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APD 052648
January 18, 2006

APD 052648

January 18, 2006

This appeal arises pursuant to the Texas Workers’ Compensation Act, TEX. LAB. CODE ANN. § 401.001 et seq. (1989 Act). A contested case hearing was held on October 27, 2005. The hearing officer determined that the compensable injury of ___, extends to and includes bulging discs at C4-5 and C5-6, but that the compensable injury does not extend to or include protruding discs at C2-3 or C3-4. The hearing officer’s determination that the compensable injury did not extend to the protruding discs at C2-3 and C3-4 has not been appealed and has become final.

The appellant (carrier) appeals the extent of injury to the C4-5 and C5-6 discs, contending that early diagnostic testing indicated an absence of bulging discs and that the subsequent appearance of the disc bulges was due to degenerative changes. The file does not contain a response from the respondent (claimant).


Reversed and remanded.

The parties stipulated that the claimant sustained a compensable injury in the form of a cervical sprain/strain and a left shoulder injury on ___. It is undisputed that the claimant had left shoulder surgery in January 2002, October 2003, and January 2004. In evidence is a doctor’s report dated April 21, 1999, indicating normal cervical range of motion (ROM), and diagnosing a left trapezius strain. A cervical spine MRI performed on May 27, 1999, indicated;

No abnormal vertebral marrow signals are present. No compression fractures are present. The intervertebral discs are well hydrated at all levels, and no disc bulge or herniation is present at any level. No lateralizing defects are present. No cord compression is noted at any level. No abnormal cord signal is present.

The impression was “[n]o disc bulge, herniation or lateralizing defects at any level.” A consultation report dated June 17, 1999, by (Dr. B) notes the MRI report, comments that cervical ROM is within normal limits and has a clinical impression of a cervical strain “with no objective clinical findings today.” In another consultation report dated August 24, 1999, (Dr. N) noted the MRI (but did not have a copy) and performed an EMG nerve condition velocity (NCV) test which indicates chronic “C5-6 radiculopathy on the left upper extremity.” Dr. N commented that he did not have the MRI of the cervical spine and that there “is some radicular component which certainly can be neck and/or shoulder in origin.” The hearing officer cites this report of “C5-6 radiculopathy in the left upper extremity” as early evidence of bulging discs at C5-6. We note that the doctor, in that report, said the radicular component “can be neck and/or shoulder” and that the claimant subsequently had left shoulder surgery in 2002, 2003, and 2004. No mention is made of bulging discs in that report. A report dated June 16, 2000, notes left C5 radiculopathy “but no herniated disk.”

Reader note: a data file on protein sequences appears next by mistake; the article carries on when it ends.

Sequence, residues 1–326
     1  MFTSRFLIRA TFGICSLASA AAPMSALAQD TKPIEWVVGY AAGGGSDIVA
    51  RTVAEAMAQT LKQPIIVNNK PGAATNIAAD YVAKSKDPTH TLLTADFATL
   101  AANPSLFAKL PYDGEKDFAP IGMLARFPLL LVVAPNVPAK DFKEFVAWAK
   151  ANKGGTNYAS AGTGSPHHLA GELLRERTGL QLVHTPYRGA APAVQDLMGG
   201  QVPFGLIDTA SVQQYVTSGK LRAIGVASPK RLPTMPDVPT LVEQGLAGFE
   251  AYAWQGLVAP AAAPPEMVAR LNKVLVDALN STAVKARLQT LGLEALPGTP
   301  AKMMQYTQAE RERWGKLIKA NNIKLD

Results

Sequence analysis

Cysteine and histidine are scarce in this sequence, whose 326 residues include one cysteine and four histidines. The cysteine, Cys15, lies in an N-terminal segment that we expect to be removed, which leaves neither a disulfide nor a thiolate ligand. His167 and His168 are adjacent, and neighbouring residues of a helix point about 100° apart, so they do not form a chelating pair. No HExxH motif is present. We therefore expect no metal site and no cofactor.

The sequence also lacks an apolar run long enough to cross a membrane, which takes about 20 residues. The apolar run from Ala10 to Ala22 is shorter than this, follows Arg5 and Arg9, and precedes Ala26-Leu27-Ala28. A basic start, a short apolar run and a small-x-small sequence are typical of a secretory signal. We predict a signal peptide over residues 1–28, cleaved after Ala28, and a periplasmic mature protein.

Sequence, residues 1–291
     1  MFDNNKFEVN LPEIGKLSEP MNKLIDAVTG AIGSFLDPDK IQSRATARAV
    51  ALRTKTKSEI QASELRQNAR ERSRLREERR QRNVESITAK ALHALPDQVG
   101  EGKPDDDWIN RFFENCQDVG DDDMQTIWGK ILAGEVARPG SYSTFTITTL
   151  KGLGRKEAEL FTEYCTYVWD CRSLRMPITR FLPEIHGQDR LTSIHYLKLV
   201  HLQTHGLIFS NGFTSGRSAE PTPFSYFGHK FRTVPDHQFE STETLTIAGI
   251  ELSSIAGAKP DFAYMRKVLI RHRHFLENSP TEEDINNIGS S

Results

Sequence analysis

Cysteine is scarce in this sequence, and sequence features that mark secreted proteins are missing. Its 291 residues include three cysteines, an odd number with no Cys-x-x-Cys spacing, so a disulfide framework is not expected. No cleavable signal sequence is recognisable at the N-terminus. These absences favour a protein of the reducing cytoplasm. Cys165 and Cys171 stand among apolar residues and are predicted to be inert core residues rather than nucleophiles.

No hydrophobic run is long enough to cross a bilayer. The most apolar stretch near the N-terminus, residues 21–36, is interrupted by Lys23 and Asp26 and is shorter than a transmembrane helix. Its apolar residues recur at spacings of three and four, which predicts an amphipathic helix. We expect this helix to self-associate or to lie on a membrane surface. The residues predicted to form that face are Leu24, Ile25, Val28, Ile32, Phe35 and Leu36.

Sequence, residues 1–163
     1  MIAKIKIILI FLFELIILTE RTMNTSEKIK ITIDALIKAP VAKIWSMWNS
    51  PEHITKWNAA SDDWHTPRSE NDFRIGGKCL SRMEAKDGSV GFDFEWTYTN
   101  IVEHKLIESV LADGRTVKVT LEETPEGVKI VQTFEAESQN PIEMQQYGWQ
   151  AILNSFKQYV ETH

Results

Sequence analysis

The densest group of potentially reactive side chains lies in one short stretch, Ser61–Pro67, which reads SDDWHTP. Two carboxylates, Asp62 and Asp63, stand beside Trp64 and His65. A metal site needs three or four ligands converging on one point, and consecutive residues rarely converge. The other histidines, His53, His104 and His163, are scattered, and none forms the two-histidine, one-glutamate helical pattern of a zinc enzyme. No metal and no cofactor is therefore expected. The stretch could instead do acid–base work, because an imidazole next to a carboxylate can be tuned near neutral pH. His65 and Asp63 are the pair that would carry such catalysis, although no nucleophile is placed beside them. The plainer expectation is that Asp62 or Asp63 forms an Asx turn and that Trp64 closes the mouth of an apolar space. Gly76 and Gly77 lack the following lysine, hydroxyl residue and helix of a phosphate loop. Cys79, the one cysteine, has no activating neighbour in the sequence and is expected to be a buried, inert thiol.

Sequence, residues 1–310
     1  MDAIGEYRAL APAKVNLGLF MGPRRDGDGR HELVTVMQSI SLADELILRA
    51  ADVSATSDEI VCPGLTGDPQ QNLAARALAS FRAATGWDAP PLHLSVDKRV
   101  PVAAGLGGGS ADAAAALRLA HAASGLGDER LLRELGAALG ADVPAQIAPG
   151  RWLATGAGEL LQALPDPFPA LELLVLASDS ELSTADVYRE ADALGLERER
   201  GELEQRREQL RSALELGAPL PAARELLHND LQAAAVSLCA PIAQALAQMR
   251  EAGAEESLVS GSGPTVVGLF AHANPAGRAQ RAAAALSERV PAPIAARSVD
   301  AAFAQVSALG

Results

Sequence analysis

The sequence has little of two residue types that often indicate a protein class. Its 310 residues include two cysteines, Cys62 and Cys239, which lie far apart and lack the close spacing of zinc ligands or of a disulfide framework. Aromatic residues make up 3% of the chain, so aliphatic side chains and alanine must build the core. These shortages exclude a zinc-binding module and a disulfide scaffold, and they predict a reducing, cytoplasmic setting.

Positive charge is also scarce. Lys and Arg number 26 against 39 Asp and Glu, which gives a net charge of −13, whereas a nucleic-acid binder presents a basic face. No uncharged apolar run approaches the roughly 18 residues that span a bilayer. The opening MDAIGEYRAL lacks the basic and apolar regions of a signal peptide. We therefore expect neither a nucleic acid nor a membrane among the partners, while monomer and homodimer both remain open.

The first mention of a C5-6 disc bulge is in a “post-myelogram cervical CT” of August 8, 2000 (some 16 months after the date of injury). That report showed no herniations and “[d]iffuse 1-2 mm posterior annular bulging” at C5-6 (none at C4-5). The first mention of bulging discs at C4-5 is a cervical MRI performed on May 23, 2001 (over two years after the date of injury) which found “C3-4: Normal” and “C4-5: Mild cervical spondylosis characterized by annular disc bulge and a superimposed small posterior central minimal disc protrusion . . . without evidence of cord flattering or spinal stenosis.” C5-6 was “Normal.” The impression was “mild C4-5 spondylosis without evidence of spinal stenosis or neural foraminal stenosis.”

A cervical discogram performed on December 20, 2002, “showed bulging and degenerative [disc] at C5-6.” A cervical MRI scan performed on November 3, 2004, showed very mild disc dehydration at C4-5 and “no disc herniation or bulging” at C5-6. Another cervical myelogram with post myelogram CT scan performed February 11, 2005 (over five and a half years post injury) showed a small 1-2 mm protrusion at C3-4 and C4-5 but none at C5-6. A report dated May 6, 2005, from Dr. N comments that the claimant has “clear documentation of radiculopathy on the left side, as related to this injury that happened in ___. The patient did not have those symptoms before he got hurt at work.” The claimant presents a “Letter of Causation” dated June 20, 2005 (six years after the injury) from the claimant’s current treating doctor, to show that the C4-5 disc bulge was directly related to the compensable injury. (The letter also discusses bulging at C2-3 and C3-4). The letter discusses the circumstances of how the claimant was injured, testing that was done and concludes “it is obvious from the mechanism injury on the initial date of injury that [the claimant] sustained structural damage to the cervical spine and rotator cuff of the shoulder.” The causation letter makes no reference to disc bulges at C5-6.

The hearing officer in the Background Information portion of his decision cites the CT scan of August 8, 2000, the EMG of August 24, 1999, and the MRI of May 23, 2001, to “establish that disc pathology was detected at C4-5 and C5-6 within the first two years after the accident.” The hearing officer comments that because of the complaints of pain “beyond the normal healing time for a cervical sprain/strain, it is clear that the claimant had sustained more than a soft tissue injury.” True or not, we note that the issue before the hearing officer was whether the compensable injury included disc bulges at C4-5 and C5-6, not whether the claimant’s injury was limited to a soft tissue injury. The hearing officer goes on to explain;